News of the Week 07-05-15
The San Diego Animal Welfare Coalition rolled out a big announcement this past week that they have reached zero euthanasia of healthy and treatable animals and that, starting with their new fiscal year on July 1st and going forward, they are committed to no healthy or treatable shelter animals in the county being killed. In the most recent fiscal year for which stats are available (2013 to 2014), the 11 shelters that make up the coalition had an 83% live release rate, with intake of over 40,000 animals. Much of what I’m reading about the coalition sounds really good – they work well together, they pool resources, they have a centralized unit for behavior rehabilitation for dogs, and they transfer animals among themselves so that the animals can get the most appropriate treatment. One thing bothers me though, and that is that owner-requested euthanasia has been much higher than I see with most No Kill shelters – in fiscal year 2013-2014, if owner-requested euthanasias are counted with other euthanasias, the live release rate drops from 83% to 72%. In some places (like northern Virginia) there is a tradition of local shelters offering euthanasia services to the public for old and sick pets. Perhaps that is what is going on here, but the problem is that we have no way to tell without detailed medical records on every ORE.
The Louisiana Transport Program saved 779 animals last year. This article about their program has some interesting comments from Dr. Elizabeth Berliner, the director of shelter medicine at Cornell. She says that transport programs are lifesavers, but that following best practices, including veterinary involvement at both the sending and receiving shelters, is very important. She refers readers to the best practices recommendations from the National Federation of Humane Societies.
Here’s another article about the Chester County SPCA in Pennsylvania and its recent turnaround.
Delaware’s First State Animal Center and SPCA (formerly the Kent County SPCA) has held animal control contracts for Delaware’s three counties and the city of Wilmington for a while now. If I am interpreting the shelter’s posted statistics correctly, they had a live release rate of about 75% in 2014, with an actual intake of over 6,000. Things may change in Delaware soon, as it appears that the state is moving to take over dog control duties.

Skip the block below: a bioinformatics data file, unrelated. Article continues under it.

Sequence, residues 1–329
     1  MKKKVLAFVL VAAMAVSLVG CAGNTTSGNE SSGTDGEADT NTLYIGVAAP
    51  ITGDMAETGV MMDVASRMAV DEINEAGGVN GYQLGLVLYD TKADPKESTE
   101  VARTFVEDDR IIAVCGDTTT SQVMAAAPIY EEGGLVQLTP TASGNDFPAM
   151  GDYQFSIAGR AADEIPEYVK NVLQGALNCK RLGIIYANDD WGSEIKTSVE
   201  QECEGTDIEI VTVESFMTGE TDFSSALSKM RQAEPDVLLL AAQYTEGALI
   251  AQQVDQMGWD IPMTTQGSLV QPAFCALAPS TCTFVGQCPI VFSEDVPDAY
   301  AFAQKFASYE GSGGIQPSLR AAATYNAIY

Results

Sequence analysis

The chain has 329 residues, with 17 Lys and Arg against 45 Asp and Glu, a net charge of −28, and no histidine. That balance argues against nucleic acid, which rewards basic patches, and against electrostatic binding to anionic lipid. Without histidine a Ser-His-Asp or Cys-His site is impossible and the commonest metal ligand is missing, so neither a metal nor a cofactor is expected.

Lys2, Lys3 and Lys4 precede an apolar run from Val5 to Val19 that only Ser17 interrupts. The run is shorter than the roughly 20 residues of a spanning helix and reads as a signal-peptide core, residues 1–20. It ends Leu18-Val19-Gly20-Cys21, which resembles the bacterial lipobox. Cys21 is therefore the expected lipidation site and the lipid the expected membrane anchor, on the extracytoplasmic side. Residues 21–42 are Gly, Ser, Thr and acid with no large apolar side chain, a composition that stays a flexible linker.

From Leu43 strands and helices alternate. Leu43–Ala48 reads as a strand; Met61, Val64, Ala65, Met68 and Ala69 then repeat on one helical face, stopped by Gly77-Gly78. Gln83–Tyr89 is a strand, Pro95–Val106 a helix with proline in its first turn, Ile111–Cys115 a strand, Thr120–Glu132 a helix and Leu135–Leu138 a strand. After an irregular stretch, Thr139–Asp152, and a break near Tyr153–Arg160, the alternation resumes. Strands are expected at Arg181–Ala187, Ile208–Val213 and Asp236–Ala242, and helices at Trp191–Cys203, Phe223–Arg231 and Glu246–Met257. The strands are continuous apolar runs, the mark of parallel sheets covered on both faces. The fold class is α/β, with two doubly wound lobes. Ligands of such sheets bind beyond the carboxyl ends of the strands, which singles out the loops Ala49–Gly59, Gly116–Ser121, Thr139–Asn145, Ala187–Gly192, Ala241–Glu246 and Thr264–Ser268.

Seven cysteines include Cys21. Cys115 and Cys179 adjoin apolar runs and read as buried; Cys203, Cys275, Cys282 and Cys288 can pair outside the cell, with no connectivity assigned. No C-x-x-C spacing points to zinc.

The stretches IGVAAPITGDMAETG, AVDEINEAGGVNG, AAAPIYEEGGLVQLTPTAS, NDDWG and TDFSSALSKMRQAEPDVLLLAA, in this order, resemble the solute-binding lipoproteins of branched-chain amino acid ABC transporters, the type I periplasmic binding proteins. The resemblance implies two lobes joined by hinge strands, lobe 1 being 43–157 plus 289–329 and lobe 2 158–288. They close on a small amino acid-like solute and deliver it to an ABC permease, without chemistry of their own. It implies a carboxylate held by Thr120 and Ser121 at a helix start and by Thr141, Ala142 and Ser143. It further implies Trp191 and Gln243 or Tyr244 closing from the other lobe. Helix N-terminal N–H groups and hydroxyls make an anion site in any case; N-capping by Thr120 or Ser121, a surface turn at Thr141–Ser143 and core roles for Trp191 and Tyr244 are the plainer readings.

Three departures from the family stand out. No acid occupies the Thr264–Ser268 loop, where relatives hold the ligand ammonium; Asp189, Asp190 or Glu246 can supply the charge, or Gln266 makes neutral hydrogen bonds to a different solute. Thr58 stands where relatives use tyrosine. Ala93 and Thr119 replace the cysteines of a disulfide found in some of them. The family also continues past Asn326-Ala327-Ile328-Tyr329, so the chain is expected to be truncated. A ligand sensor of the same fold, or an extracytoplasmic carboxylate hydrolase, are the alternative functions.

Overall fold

In a bizarre twist to the case of a Texas veterinarian who allegedly shot a cat in the head with a bow and arrow, it appears that the local DA may have misapplied the American Veterinary Medical Association’s euthanasia guidelines in finding that there was not sufficient evidence that the cat was killed by a cruel method. The DA appears to have interpreted the AVMA euthanasia guidelines as supporting the idea that an arrow to the head from a distance is equivalent to the controlled use of a captive bolt or gunshot at close range. The AVMA says that the DA reached this conclusion without asking their opinion on the issue. In related news, Alley Cat Allies had great turnout and support for their workshops and vigils in Texas in response to the case.
It’s not too soon to start thinking about what you will do for National Feral Cat Day, which is on October 16th this year.
Another great post from Christie Keith, who is a national treasure for the No Kill movement. This one discusses why adoption promotions should be upbeat – and the exceptions to that rule. One thing I like about Keith’s posts is that she not only explains what works, but why it works.
Tawny Hammond has hit the ground running in Austin in her new job as director of the city shelter. That’s by necessity, as Austin shelters have had increased intake due to the recent floods. Hammond wants to raise the shelter’s profile in the community, and she also wants to address concerns expressed by some volunteers that dogs are not getting enough exercise.